This is a good opportunity to pause the proceedings and consider what you've been told thus far: Ava has been triggering the power outages, which Nathan supposedly doesn't know about. So, she may have the upper hand. But, Nathan brought Caleb here under false pretenses, and only he knows the full extent of his plan. Has Ava become more powerful than her creator, or does Nathan still hold all the cards? Does Caleb have any agency here at all? 

A classic misdirection

Unfortunately for Caleb, Nathan has decided to take a break from drinking, so his plan doesn't quite work. Nathan suggests that Ava has been manipulating Caleb all along, and that she used the torn drawing to illustrate Nathan's cruelty and her love for Caleb. Nathan also reveals that after tearing up Ava's drawing, he placed a battery-powered security camera in the room, in full view of them both. A classic misdirection, he says.

It turns out Caleb was the test, after all. Nathan calls Ava a "rat in a maze," telling Caleb the only way she could get out was through him. She would have to use every tactic in the book — "self-awareness, imagination, manipulation, sexuality, empathy" — in order to escape, which she did. Nathan then reveals he did not select Caleb because of his coding skills, but because of his "search engine inputs." He was the perfect test subject. "The test works. It was a success," Nathan tells Caleb.

But, there's one more twist. When the power goes out at 10:00 like they had planned, Caleb reveals the trick he's pulled on Nathan, telling him he reprogrammed the security protocols yesterday, which means Ava is primed for escape. The faux-secret conversation about their escape plan was another misdirection, it seems. So, Nathan and Caleb have each outwitted each other, but now Caleb has the upper hand. Who will win, in the end? There's only one right answer.

Nathan gets stabbed in the back, literally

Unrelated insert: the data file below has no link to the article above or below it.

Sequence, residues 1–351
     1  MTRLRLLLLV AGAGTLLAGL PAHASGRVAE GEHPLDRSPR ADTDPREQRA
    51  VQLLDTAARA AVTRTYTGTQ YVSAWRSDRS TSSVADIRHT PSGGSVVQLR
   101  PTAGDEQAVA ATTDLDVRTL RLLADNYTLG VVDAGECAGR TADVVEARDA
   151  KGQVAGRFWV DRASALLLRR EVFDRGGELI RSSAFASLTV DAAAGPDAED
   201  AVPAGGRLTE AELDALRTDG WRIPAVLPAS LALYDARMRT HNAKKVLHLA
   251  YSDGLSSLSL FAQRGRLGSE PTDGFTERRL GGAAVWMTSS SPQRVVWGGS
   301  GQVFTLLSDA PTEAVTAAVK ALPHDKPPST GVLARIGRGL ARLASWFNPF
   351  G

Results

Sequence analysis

After Ava escapes her room for the first time — just as she and Caleb had planned — Nathan finds himself outnumbered. He tells Ava to go back to her room, but Ava and Kyoko just stand there glaring at him defiantly (Ava has just whispered something into Kyoko's ear, although what it is isn't clear). Ava starts sprinting towards Nathan and attacks him, overpowering her and maker, and forcing him to respond by breaking off her arm with a metal rod. He thinks he's got the upper hand, until — much to his surprise — Kyoko ever-so-gracefully slides a knife into his back.

Kyoko turns his head so he's looking directly into his eyes, as Nathan snaps and smashes her jaw with the metal rod. Though there's a chance she could still be alive, it doesn't look good for Kyoko. Nathan, on the other hand, is definitely dead, as Ava stabs him in the chest with the knife shortly thereafter. Take a pause-worthy moment of silence to remember Kyoko, who spent her whole life being used and abused by Nathan. May she rest in peace.

Ava puts on her new skin

After Nathan's (much deserved) death, Ava begins her journey to the outdoor world. First order of business: her appearance. 

Ava opens the door to one of Nathan's closets and finds one of his previous AIs there. She takes off the AI's arms and attaches it to the one Nathan broke off earlier. Then she takes pieces of this other AI's skin and places it over her exposed machinery until she is covered in skin and looks fully human. Next, she finds a white dress she likes and puts it on, completing her transformation. It's a chilling moment, made all the more so by the fact that we really have no firm grasp on Ava's intentions.

Caleb remains locked in the basement as she steps into the elevator, ready to start her new life. She gets into the helicopter, and the audience sees her make it to a busy intersection, just like she told Caleb she would. What will she do now that she's free? We can only guess

Viewers are never given much of an indication on whether she will do "good" or "bad" out there in the world (if an AI even considers things in such a way), although she did just kill a man, so that's slightly disconcerting. If you pause after the moment Ava puts on her new skin to consider what she might do next, you're still not going to find an answer to this question. But that's what imagination is for, right?